Posner has been a proponent of the Universal Periodic Review (UPR), established by the UN General Assembly in 2006 as a process through which the human rights records of the United Nations’ 193 Member States is reviewed and assessed. In November 2010, Posner traveled to Geneva as one of three co-heads of the 32-person interagency U.S. government delegation submitting the United States’ first report through the UPR to the UN Human Rights Council. Speaking of the UPR at a press conference at the Foreign Press Center in April 2011, Posner stated, “We are very open to the notion that people in this country have not only a right but are well open to be critical of what we do, and we engage them in that criticism”.[38] During the week of the UPR hearing, Posner defended the United States' engagement with the UN Human Rights Council against domestic criticism, saying "this is what principled engagement looks like".[42] He reiterated the Obama administration's stance that there was no room for torture or cruel treatment of detainees in U.S. policy: "We're not mincing words. We're not winking and nodding", he said. "The prohibition against torture and cruel treatment applies to every U.S. official, every agency, everywhere in the world. There is an absolute prohibition as a matter of law and policy".[42]

International Religious Freedom[edit]

Since being sworn in as Assistant Secretary, Posner has engaged on a number of fronts promoting religious freedom, particularly in the Middle East and South Central Asia. Following the release of the 2009 International Religious Freedom Report, Posner discussed religious freedom issues in the Middle East before the House Foreign Affairs Committee Subcommittee on the Middle East and South Asia. Said Posner, “Religion is a global phenomenon and all nations, including the United States, wrestle with how best to accommodate their religious diversity. We are convinced that the freedom to profess, practice, and promote one’s religion is a basic human right, a social good, a source of stability, and a key component of international security”.[43] Posner has engaged on international religious freedom issues in meetings with Egyptian Coptic Christians, Chinese religious freedom advocates, Vietnamese, Pakistani, and Afghan officials, and others since being sworn in as Assistant Secretary.

NYU Stern Center for Business and Human Rights[edit]

Posner is the co-director of the Center for Business and Human Rights and a Clinical Professor of Business and Society at Stern School of Business at New York University. It is the first center to focus on human rights as part of a business school.[44][45]

In April 2014 the center put out a report[46] on the garment industry in Bangladesh, where the catastrophic collapse of a garment factory building killed more than 1,100 people in April 2013. The report cited the common practice as indirect sourcing as a major risk factor in the safety of garment factories.[47]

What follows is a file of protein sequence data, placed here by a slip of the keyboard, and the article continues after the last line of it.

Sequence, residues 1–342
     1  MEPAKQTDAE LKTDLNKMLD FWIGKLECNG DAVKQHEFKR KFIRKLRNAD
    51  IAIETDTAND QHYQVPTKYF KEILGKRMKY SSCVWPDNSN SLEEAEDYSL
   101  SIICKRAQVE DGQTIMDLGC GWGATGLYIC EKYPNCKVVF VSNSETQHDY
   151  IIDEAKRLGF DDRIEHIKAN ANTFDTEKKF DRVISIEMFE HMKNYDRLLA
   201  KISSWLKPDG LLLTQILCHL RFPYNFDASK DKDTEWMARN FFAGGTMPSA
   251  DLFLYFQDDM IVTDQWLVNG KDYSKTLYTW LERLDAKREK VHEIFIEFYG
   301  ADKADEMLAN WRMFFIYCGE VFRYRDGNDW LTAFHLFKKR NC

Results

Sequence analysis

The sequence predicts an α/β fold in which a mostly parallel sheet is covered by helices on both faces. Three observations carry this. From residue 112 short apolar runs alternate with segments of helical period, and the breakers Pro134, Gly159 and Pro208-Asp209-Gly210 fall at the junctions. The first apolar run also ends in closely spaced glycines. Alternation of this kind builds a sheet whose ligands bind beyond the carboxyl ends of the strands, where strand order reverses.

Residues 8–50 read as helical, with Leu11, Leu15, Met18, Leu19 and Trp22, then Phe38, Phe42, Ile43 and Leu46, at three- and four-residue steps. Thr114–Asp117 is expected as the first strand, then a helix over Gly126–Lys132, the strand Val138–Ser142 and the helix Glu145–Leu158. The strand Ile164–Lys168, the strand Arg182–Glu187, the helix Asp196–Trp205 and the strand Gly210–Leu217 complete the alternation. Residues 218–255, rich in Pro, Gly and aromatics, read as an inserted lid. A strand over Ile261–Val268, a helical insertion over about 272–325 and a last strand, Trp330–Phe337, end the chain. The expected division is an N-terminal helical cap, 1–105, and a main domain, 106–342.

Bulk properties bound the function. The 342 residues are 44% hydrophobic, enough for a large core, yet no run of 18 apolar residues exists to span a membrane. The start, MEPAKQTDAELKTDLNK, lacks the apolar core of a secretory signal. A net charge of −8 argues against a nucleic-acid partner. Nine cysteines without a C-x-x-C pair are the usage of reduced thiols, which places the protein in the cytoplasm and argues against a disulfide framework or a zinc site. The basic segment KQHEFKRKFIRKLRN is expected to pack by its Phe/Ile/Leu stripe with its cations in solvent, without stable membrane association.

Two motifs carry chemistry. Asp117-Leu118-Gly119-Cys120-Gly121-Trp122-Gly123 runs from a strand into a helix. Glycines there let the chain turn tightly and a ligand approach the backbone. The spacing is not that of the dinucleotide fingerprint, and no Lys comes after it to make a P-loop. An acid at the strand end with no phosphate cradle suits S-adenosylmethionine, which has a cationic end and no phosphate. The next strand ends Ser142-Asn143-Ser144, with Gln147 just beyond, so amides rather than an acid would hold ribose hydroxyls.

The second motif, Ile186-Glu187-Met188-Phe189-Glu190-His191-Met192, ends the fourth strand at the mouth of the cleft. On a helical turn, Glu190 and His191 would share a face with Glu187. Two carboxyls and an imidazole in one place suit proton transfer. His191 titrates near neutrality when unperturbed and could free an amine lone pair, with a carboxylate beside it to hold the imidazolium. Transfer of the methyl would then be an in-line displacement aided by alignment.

Other organizations[edit]

As a member of the White House Apparel Industry Partnership Task Force, Posner helped found the Fair Labor Association (FLA) in 1997, a multi-stakeholder initiative between apparel and footwear companies, universities and non-governmental organizations aimed at protecting the rights of workers in the apparel industry’s global supply chain. He sat on the FLA’s board of directors until 2009. Beginning in 2006, Posner worked on another multi-stakeholder initiative called the Global Network Initiative (GNI), which was launched in October 2008. He also served on the board of the Robert F. Kennedy Memorial Center for Human Rights until 2009. He was appointed to the Board of the International Service for Human Rights in 2014.

Honorary degrees and awards[edit]

Posner has received honorary degrees from the University of Pennsylvania Law School, the University of Hartford, the College of the Holy Cross and the Yale University.[48] He is also the recipient of the Fellows Award for distinguished service, Young Lawyers of the American Bar Association (1990); the Distinguished Service Award, Boalt Hall Alumni Association (1993); the Wolfgang Friedmann Memorial Award for outstanding contributions to the field of international law, Columbia University Journal of Transnational Law (1993); the Dr. Jean Mayer Global Citizenship Award, Institute for Global Leadership at Tufts University (2006); and the Builders of the New New York Award, New York Immigration Coalition (2007).

References[edit]

  1. ^ State Bar of California Membership Records
  2. ^ Illinois Supreme Court Attorney Registration
  3. ^ a b Who Run's Government Biography | Michael Posner
  4. ^ Human Rights First 2007 Annual Report
  5. ^ Testimony Before the U.S. Senate, Committee on the Judiciary, Subcommittee on Immigration and Refugee Affairs, 22 June 1990.
  6. ^ WITNESS Awards